Apparently the 1602 was only offered by RCA and General Electric the latter under the designation GL1602:

Here a close up of the base:

The tubes are identical to regular 10 tubes from GE.

After the selection process they just got a paper sticker over the number 10. This can be seen here, the paper sticker has been peeled off from the left tube:

The 10 designation also is still visible when the tube is held against a light:

They came in very nice packaging. Oversized boxes with lots of padding material.

Beautiful orange/blue boxes

The GL-1602 with the filament lit up:

Here a RCA 1602 in globe shape:

The base:

The other side:

The globe tube from another angle:

Beautifully made with the glass arbor inside which aligns the electrodes.

Unfortunatly I only have one pair of the RCA 1602:

But they are in perfect condition with getter fully intact and matching plate curves.

Not sure if the 1602 was also offered by RCA in ST glass. I have only seen globes from RCA.

After I ended last year with a series of 3 Tube of the Month posts about some rather modern, easy to find and cheap compactron tubes, I thought I start the new year with something more exotic. I hope you enjoyed it.

Best regards


Saturday, January 10, 2015

6GE5 Stereo Amplifier, Part 2 : Assembly


The previous post about this project showed the schematic. Now lets see the assembly steps and photos of the finished amp.

While the schematic showed a power amp, I decided to build an integrated by simply adding a volume pot and input selector in front.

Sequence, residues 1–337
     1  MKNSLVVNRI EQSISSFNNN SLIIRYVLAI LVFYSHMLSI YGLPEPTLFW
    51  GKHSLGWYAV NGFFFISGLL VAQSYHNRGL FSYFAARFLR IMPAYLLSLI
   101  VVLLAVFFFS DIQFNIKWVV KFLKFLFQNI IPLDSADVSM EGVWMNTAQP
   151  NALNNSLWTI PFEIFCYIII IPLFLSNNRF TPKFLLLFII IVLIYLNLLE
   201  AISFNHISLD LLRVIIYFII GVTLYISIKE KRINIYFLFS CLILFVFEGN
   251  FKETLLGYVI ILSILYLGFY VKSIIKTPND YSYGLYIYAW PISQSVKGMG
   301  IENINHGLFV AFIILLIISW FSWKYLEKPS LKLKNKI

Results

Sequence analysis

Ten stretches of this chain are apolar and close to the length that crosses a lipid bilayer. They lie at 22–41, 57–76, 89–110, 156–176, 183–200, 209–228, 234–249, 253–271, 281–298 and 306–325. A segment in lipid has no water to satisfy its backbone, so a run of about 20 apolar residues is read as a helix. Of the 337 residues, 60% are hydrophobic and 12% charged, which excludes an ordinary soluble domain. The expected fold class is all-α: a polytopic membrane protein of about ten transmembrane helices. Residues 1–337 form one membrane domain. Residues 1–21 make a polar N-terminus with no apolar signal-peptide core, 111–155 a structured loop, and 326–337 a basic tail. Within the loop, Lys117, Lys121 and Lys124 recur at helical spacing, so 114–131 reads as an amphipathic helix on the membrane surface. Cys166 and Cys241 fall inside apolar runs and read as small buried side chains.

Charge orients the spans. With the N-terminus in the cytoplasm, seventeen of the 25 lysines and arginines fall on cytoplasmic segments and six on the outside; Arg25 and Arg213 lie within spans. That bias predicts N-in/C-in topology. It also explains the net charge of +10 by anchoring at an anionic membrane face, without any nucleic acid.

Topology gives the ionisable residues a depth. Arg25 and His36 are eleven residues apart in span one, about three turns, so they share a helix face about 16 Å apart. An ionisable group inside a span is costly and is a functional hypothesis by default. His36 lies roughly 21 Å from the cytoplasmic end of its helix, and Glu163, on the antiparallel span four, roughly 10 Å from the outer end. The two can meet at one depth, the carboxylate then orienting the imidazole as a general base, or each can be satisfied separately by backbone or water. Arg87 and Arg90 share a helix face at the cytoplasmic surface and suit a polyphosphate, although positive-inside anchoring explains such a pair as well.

The ultra path oil caps, power transformer and the chokes are placed on top of the chassis. Both chokes will be hidden under a single cover.

Wiring of the heaters:

Adding some solder terminal strips for the passive components:

Completed wiring. The output transformers are placed inside the chassis:

The finished amp:

Front view:

View from the top:

The same view with the amp switched on:

Glowing tubes:

I am also offering kits for this amplifier. The prices are for a power amp version.

Iron set (power transformer, chokes, output transformers):

EUR 640,- (EU incl. VAT) / EUR 538- (outside EU)

Full parts kit (excluding chassis and wire):

EUR 890,- (EU incl. VAT) / EUR 748,- (outside EU)

Best regards


Tuesday, January 6, 2015

Guest Post: D3a LCR phono built by Claus


At last years ETF I had the pleasure to meet Claus from Denmark. He built a D3a LCR phono based on a partial kit from me and brought it to the ETF where it was shown in the danish room.

The unit was beautifully built and sounded wonderful. Claus put a lot of effort into the chassis and the result is stunning. He agreed to write up an essay about his experience while building it. And I am vary happy to be able to share his story with you:

How I ended up with a Thomas Mayer LCR phono stage

By Claus Fonnesbek, Denmark

Where do I start… Not at the beginning, I’ll skip all the boring stuff.
I have been building audio amplifiers and preamplifiers for many years, there even was a time where I thought I would do it as a profession, but that never happened instead it ended up being just a hobby.
I switched from vinyl to SACD 15 years ago, but sadly this format never got to be a huge success, now streaming is the “right” thing, but not for me, I like putting on a album and listening to the whole thing.
I first saw some of Thomas Mayer’s constructions at the triodefestival back in 2000, in fact a LCR riaa if my memory is correct.
After some years with different silicium based gear, I build a 300B power amp a few years ago, and after a long search I found a Thorens TD124 mkII in pristine condition I decided to return to vinyl.
I knew that I wanted something based on tubes and LCR riaa correction, my recently finished 300B power amp is using the C3m pentode, which I looked at first, but having a small stock of D3a tubes the Thomas Mayer LCR phono stage was the natural choice.
I got in contact with Thomas and it turned out that he was selling “kits” we agreed on a price for a kit including all the “iron” and oil capacitors, I would source the rest my self.